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Creating Charts Using Existing Excel Data in PowerPoint 2011 for Mac

Learn how to use already available Excel data to create charts in PowerPoint 2011 for Mac.


Product/Version: PowerPoint 2011 for Mac

OS: Mac OS X

Most of the time, you must start from scratch and then insert a new chart on your PowerPoint slide. This of course brings up Excel with some dummy data, and indeed you can type in your own data to replace this dummy data. However, what if you already have some data that's within an Excel sheet? Why can't you use that data to create your PowerPoint chart? Why does PowerPoint in fact insist that you use the new Excel sheet and not any of your existing Excel sheets? And even if you must use that new Excel sheet, where does that sheet reside? And can't you bring in your own data to that sheet in a way that does not make you type everything all over again? That's a bunch of very genuine questions! This article will attempt to provide you with some answers.

Note: The Excel sheet that opens up with dummy data has no real name or location. Even though it's an Excel file, it lives as part of the PowerPoint presentation that includes a chart. So don't try looking for that Excel sheet on your computer's folders. It just doesn't exist there!

First of all, a default chart inserted in PowerPoint 2011 may look like the one that you see in Figure 1, below.

Chart inserted in PowerPoint
Figure 1: Chart inserted in PowerPoint

All the data that works behind the scenes for any chart in PowerPoint 2011 is essentially stored in an Excel sheet, as shown in Figure 2, below. You see this Excel sheet the first time you insert a chart. Within this Excel sheet, your data will show up in rows and columns. Figure 2 below shows the Excel data for the chart that you saw in Figure 1, earlier on this page.

Dummy data for the chart
Figure 2: Dummy data for the chart

Tip: Want to bring up this Excel sheet that contains the data after your chart has already been created? Explore our Edit Chart Data in PowerPoint 2011 for Mac tutorial.

You can change the dummy data to your own values manually. Even better, you can bring in data that's already on an existing Excel sheet using this step-by-step process:

  1. Insert a new chart on your slide as shown in Figure 1, above. Thereafter make sure that the Excel sheet containing the chart's dummy data is visible, as shown in Figure 2, earlier on this page.
  2. Now, open the Excel sheet containing your data. Figure 3 shows the Excel sheet containing our actual data.

    Actual data to be used for chart
    Figure 3: Actual data to be used for chart
  3. As you can see in this case (compare Figures 2 and 3), the dummy data and the actual data are a bit different. It does not matter if the values were different. What matters is that:

    1. Our data contains four Series, the dummy data has only three Series.
    2. Our data contains five Categories, the dummy data has only four Categories.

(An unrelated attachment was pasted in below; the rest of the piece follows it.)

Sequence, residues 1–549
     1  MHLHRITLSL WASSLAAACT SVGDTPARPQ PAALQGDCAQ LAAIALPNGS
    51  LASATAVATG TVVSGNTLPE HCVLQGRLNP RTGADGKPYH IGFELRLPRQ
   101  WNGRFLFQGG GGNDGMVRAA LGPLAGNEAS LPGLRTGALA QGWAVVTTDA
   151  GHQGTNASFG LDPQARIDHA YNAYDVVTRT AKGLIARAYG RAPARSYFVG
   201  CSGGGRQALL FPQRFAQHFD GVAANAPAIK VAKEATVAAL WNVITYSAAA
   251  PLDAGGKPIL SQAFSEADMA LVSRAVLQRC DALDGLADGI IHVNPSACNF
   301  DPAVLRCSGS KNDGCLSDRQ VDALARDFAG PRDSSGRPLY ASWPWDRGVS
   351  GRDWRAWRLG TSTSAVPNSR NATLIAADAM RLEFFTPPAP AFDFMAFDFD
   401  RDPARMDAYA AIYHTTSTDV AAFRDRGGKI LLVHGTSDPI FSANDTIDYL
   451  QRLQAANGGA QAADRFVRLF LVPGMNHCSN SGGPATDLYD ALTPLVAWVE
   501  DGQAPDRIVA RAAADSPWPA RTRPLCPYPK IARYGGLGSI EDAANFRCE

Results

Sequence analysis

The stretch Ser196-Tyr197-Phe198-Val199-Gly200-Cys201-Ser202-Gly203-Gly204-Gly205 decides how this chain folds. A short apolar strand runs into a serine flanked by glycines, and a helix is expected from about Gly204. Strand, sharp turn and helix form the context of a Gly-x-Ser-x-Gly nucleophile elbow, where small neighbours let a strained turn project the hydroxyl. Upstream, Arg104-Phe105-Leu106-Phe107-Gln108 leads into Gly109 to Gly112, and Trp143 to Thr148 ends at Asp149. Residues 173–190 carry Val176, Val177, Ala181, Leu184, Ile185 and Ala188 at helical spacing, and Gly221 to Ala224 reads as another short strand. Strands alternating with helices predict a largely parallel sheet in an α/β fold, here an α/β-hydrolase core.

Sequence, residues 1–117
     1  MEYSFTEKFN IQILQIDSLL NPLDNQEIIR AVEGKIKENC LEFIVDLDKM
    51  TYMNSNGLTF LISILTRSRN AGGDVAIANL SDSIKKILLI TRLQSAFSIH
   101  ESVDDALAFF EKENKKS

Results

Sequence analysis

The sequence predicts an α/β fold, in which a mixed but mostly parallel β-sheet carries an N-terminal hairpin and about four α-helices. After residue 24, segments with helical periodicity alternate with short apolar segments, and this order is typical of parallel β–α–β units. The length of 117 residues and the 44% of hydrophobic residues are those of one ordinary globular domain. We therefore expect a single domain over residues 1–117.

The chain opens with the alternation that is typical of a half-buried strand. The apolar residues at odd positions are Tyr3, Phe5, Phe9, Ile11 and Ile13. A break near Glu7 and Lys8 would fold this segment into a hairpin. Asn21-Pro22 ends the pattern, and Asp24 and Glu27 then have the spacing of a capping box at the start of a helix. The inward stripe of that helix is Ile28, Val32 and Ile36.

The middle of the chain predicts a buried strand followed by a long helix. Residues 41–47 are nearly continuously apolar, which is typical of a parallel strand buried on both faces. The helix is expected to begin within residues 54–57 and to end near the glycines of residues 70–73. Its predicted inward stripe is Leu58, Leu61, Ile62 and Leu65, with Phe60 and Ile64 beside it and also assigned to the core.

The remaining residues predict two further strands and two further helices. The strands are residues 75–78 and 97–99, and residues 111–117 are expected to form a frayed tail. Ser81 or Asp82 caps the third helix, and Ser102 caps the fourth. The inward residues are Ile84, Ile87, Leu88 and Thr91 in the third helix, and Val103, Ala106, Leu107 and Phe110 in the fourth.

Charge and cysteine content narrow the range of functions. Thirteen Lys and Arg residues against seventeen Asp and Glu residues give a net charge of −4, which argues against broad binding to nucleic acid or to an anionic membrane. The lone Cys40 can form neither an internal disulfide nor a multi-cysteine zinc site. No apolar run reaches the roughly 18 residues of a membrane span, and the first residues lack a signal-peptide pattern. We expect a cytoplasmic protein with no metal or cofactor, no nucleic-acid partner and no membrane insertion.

The above examples are just "examples". We just wanted to create a scenario where the dummy data and the actual data may have a different number of Series and Categories.

    Before we can paste in the content from our Excel sheet to the one that includes the dummy data, we need to add one extra Series as also an extra Category.
  4. Add new Categories or Series, as explained in our Adding and Deleting Chart Series and Categories tutorial. We added one extra row and one extra column, as shown in Figure 4.

    Chart Categories and Series added
    Figure 4: Chart Categories and Series added

    Conversely, if your Excel data includes fewer Series or Categories, you will need to delete that many rows / columns from the dummy data. This is again explained within our Adding and Deleting Chart Series and Categories tutorial.
  5. Once your actual data and dummy data have the same number of rows and columns, copy the actual data from your Excel sheet and paste to overwrite the dummy data, as shown within the results in Figure 5, below.

    Dummy data overwritten with actual data
    Figure 5: Dummy data overwritten with actual data

    Tip: Do you see that extra column heading named 'Column1', highlighted in red within Figure 5? This does not show up on the chart. But if it irritates you, feel free to delete this text within your Excel sheet.
  6. Now, explore your PowerPoint slide. You will see the chart on your slide reflecting the actual data. Figure 6 shows our sample chart after we copied and pasted the actual data over the dummy data (compare Figures 1 and 6).

    Chart reflecting the actual data
    Figure 6: Chart reflecting the actual data
  7. Save your presentation often.

See Also: Creating Charts Using Excel Data in PowerPoint 2013 for Windows

Jigsaw Graphics for PowerPoint

Here are 10 jigsaw graphics containing different shapes. These graphics are available in both black and white and are contained within separate sample presentations that you download. Additionally, these jigsaw graphics are vector shapes, so you can easily edit them within your Microsoft Office program by changing fills, lines, and effects or even applying Shape Styles.

Download and use these Jigsaw Graphics in your slides for just $4.99+

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